Fears that Milton Keynes Council will not be ready when more people become eligible for disabled blue badges at the end of next month has spurred a councillor to take action.
Cllr Amanda Marlow (Cons, Loughton & Shenley) is also the mum of a child with autism, and she presented a motion to Wednesday’s meeting of the Full Council to make sure that it is ready for changes in the rules.
Cllr Marlow, who spoke about how she “rejoiced” when the Government announced that people with “hidden disabilities” including learning disabilities, autism, and mental health conditions, would become eligible for blue badges. Her son is prone to running off for no reason, she said.
“These changes affect people all over the borough,” she said. “On behalf of all disabled people, let’s make sure Milton Keynes Council is even more disability aware.”
After a loud round of applause from across the council chamber she was backed by her party colleague, Cllr Alice Jenkins (Danesborough & Walton).
Cllr Jenkins said council officers had known about the changes for a long time but were leaving it to the last minute. “It means people will be guinea pigs, which is unacceptable.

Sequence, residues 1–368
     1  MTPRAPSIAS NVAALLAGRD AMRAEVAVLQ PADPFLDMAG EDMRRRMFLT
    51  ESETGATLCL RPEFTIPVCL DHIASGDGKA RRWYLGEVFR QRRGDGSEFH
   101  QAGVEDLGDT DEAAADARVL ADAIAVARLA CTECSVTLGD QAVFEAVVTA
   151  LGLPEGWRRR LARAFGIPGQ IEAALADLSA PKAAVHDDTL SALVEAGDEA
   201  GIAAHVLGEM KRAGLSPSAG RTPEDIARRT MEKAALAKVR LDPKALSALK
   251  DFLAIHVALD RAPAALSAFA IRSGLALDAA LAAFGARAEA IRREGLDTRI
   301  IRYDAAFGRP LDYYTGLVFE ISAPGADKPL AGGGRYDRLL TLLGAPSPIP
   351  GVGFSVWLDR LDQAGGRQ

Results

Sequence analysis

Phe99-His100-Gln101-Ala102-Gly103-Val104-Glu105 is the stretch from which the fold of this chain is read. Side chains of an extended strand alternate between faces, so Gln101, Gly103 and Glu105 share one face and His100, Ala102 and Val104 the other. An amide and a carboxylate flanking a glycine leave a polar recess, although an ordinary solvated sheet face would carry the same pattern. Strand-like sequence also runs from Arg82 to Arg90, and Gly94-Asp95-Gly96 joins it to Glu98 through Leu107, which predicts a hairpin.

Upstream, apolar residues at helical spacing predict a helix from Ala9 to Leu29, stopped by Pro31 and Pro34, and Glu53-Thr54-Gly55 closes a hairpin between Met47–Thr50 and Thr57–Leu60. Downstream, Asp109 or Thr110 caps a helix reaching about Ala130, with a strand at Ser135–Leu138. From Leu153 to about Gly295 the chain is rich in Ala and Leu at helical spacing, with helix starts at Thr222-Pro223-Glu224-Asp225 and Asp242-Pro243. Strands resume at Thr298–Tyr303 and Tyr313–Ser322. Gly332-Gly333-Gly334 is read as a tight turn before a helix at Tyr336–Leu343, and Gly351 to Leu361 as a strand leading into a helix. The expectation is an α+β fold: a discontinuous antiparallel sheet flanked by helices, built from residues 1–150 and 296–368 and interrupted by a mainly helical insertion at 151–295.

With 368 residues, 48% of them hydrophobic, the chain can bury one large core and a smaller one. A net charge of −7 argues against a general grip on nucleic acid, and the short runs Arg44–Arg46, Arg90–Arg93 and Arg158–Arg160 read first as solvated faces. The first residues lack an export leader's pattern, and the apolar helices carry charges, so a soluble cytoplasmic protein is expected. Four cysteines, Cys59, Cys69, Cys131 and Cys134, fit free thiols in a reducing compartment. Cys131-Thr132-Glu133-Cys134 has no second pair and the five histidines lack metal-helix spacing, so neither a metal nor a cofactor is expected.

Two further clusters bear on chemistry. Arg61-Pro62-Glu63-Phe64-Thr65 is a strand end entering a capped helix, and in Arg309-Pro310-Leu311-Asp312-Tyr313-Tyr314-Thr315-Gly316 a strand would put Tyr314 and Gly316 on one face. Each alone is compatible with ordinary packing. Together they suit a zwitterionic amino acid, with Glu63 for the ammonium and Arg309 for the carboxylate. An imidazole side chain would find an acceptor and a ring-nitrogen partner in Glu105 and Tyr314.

“I hope this motion supports the Cabinet member in getting it sorted.”
Cllr Paul Williams (Lab, Central MK) is a blue badge holder and he said the council needs a strategy to cope and should be prepared for the changes.
And Cllr Carole Baume (Lab, Woughton & Fishermead) said it was important to assess people with certain disabilities at home, and not expect people to get to the council.
Cllr Nigel Long (Lab, Bletchley West), who works for a disability charity in London, welcomed the Government’s rule change. But he added that there is already an issue with the misuse of disabled parking bays which needs sorting out.
Cllr Marlow thanked the council for its unanimous support and received a second, loud, round of applause.
The motion now means that the cabinet is called on to consider providing more “resources” if they are needed by officers. The cabinet has also been required to ensure new procedures are in place as soon as possible, so they can be reviewed before residents start to apply.
Council officers will also have to consider making home or school visits instead of expecting people with learning difficulties, autism and mental health issues to go to the council officers. They will also have to makes sure everyone is properly trained to understand what hidden disabilities are.